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Independence of Justice

Independence is a fundamental tenet for an effective administration of justice. None-interference from the executive has to be granted in order to ensure equal access to fundamental guarantees for all. The absence of interference and pressure of any kind ensures that courts and judges decide cases impartially and in accordance with the law, so that citizens have confidence that they will not be victims of abuse. Therefore, having an independent judiciary is crucial to the effectiveness of the rule of law. Recognising its fundamental importance, the United Nations, in 1985, adopted the Basic Principles on the Independence of the Judiciary.

A truly independent judiciary system is essential for the protection of human rights, because it protects citizens from unlawful acts of the government, ensures that perpetrators are brought to justice to receive a fair trial and that victims obtain effective remedies.

Issues affecting the independence of the judiciary in Arab countries range from an increased use of exceptional “State Security” courts composed of judges selected by the executive, to the prosecution of acts of peaceful dissent as well as trials of civilians by military courts. Moreover, governments frequently harass or punish judges and/or lawyers, who carry out their work with independence and try to protect fair trial rights of citizens.

On 12 April 2014, Jaber Al Amri was arrested by officers of Al Mabahith in both uniform and civilian clothing who did not present him with a warrant. After being detained for three months incommunicado and having been deprived of his fundamental rights for a year, Jaber Al Amri was sentenced in May 2015 to seven years in prison followed by a seven-year travel ban and a fine of 50000 Riyals for posting a video on Youtube in which he calls for the release of his brother from prison.

On 5 and 6 December 2016, five young men from the town of Bani Jamrah in north-western Bahrain were arrested from their homes by masked men in civilian clothing between 2 and 6 am. The men, including two minors, were repeatedly beaten all over their body, shackled and forced to stand up for two whole days before being forced to confess to the charge of “participating in demonstrations”.

On 17 December 2015, Qatari citizen Mohammad Meshab was arrested by the state security forces without a warrant and detained in prolonged solitary confinement until August 2016. Currently on trial, hearings are not being held in public and the principle of presumption of innocence has been violated.

On 5 January 2017, Ahmed Maher Ibrahim Tantawy, founder of the 6 April Youth Movement, was released after having served a three-year sentence. However, he remains under judicial supervision for three more years, a measure which entails that the activist must spend every night in police custody at his district police station from 6 pm to 6 am.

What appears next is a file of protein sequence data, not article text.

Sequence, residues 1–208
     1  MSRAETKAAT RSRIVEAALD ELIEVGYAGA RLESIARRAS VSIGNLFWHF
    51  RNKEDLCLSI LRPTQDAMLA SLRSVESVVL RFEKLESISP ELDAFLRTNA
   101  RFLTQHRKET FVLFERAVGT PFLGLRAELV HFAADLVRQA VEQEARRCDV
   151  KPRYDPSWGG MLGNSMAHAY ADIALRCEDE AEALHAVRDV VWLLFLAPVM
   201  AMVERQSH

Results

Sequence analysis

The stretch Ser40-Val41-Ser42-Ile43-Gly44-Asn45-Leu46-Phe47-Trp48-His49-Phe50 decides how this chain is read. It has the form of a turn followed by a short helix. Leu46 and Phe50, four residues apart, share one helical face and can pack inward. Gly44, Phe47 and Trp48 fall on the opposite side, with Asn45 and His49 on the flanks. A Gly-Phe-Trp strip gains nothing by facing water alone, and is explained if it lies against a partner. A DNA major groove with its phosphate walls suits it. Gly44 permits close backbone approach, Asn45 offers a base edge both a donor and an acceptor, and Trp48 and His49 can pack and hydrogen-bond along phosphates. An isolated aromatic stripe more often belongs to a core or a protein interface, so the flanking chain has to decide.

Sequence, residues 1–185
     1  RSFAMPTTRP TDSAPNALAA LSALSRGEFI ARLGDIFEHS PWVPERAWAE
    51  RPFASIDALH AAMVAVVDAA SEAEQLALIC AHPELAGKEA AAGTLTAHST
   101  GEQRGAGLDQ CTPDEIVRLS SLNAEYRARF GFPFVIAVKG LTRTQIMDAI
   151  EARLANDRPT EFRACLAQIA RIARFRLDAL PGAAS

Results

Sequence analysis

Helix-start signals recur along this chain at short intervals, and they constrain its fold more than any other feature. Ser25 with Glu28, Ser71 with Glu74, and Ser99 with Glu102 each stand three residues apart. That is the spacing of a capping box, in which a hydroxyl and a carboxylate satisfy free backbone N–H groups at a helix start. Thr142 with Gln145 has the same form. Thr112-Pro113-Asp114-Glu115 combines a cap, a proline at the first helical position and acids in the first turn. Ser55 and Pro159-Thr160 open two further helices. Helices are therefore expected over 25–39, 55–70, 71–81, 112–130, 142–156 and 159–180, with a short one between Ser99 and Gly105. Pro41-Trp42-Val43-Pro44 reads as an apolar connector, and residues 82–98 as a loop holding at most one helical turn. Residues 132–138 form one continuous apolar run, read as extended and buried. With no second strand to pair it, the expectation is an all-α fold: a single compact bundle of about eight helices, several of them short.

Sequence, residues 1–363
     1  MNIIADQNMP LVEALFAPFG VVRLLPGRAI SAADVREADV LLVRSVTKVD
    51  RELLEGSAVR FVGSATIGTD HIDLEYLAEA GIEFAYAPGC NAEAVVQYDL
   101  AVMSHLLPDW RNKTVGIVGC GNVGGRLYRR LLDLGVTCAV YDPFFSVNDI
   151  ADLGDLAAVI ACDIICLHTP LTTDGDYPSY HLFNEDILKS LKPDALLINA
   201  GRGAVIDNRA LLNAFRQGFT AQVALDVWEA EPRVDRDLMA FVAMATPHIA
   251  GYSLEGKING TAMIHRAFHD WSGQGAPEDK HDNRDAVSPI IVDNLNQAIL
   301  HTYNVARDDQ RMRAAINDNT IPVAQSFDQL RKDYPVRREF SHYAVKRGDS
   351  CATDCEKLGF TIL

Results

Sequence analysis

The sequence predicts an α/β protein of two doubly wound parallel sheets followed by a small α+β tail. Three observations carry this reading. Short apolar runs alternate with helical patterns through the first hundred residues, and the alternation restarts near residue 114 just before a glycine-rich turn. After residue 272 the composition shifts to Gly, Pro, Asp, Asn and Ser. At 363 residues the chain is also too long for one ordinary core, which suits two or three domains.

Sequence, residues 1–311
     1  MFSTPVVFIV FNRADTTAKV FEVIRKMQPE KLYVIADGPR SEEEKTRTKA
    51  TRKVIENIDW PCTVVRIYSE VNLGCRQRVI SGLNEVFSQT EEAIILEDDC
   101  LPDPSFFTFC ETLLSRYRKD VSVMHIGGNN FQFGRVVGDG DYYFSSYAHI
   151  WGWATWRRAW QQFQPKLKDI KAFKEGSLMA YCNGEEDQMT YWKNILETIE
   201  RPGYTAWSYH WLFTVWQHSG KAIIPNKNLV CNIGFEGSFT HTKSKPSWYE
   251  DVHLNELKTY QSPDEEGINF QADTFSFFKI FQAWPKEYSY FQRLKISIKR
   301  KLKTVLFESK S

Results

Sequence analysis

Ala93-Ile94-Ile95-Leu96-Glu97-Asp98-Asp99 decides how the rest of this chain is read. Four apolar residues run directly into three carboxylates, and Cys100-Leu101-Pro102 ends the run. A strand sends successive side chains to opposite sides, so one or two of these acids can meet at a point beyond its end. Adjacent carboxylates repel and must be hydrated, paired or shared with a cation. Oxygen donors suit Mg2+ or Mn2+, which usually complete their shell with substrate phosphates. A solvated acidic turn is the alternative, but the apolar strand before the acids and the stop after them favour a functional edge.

On 18 September 2016, the Emirati President issued Decree Law No. 7 of 2016 amending the UAE Penal Code (PC). The decree, which amends 132 existing articles and adds 34 new articles to the PC, endangers basic rights including the right to life and the right to freedom of opinion and expression as well as the right to freedom of peaceful assembly and association.

The right to life

Ten years ago, on 1 November 2006, Jordan enacted the "Prevention of Terrorism Act", in response to the 2005 hotel bombings in Amman that left 60 people dead. In 2014, faced with threats stemming from the spillover of the Syrian war, the law was amended and broadened to include nonviolent acts, in an attempt to legitimise the government's crackdown on peaceful expression and assembly. Journalists, political opponents, freedom of expression advocates and human rights defenders have since been put to trial under the pretext of "terrorism".

On 22 September 2016, Alkarama submitted its report on Morocco’s human rights situation to the United Nations Human Rights Council (HRC) in view of its third Universal Periodic Review (UPR), which will be held in May 2017. Despite the authorities’ tangible progress in the protection and promotion of human rights, some practices remain in violation of Morocco’s international obligations.

On 11 August 2016, Alkarama together with nine Lebanese human rights organisations sent a letter to the Lebanese Minister of Foreign Affairs Gebran Bassil, to call upon him to accept the request made by the United Nations Special Rapporteur on the Independence of Judges and Lawyers (SR IJL) Mónica Pinto to visit Lebanon in 2016.

On 26 September 2013, Mohamad Az, a Syrian national and a long-time resident of the United Arab Emirates was arrested while driving with his mother from Al Dhaid to Dubai by officers dressed in civilian clothes, who drove him blindfolded to his house and searched it without a warrant. Az was then detained in secret detention for four months during which time he was coerced into confessing his support to Ahrar Al Sham. Az had been commenting developments in his hometown in Syria since the beginning of the conflict.

Known for criticising Oman's systematic repression of peaceful dissent, Said Ali Said Jadad, who has been the victim of reprisals for his human rights activism since 2013, was sentenced, on 8 March 2015, to three years imprisonment for "undermining the prestige of the state" and one year for "incitement to demonstrate" and "disturbing public order" by the Muscat Court.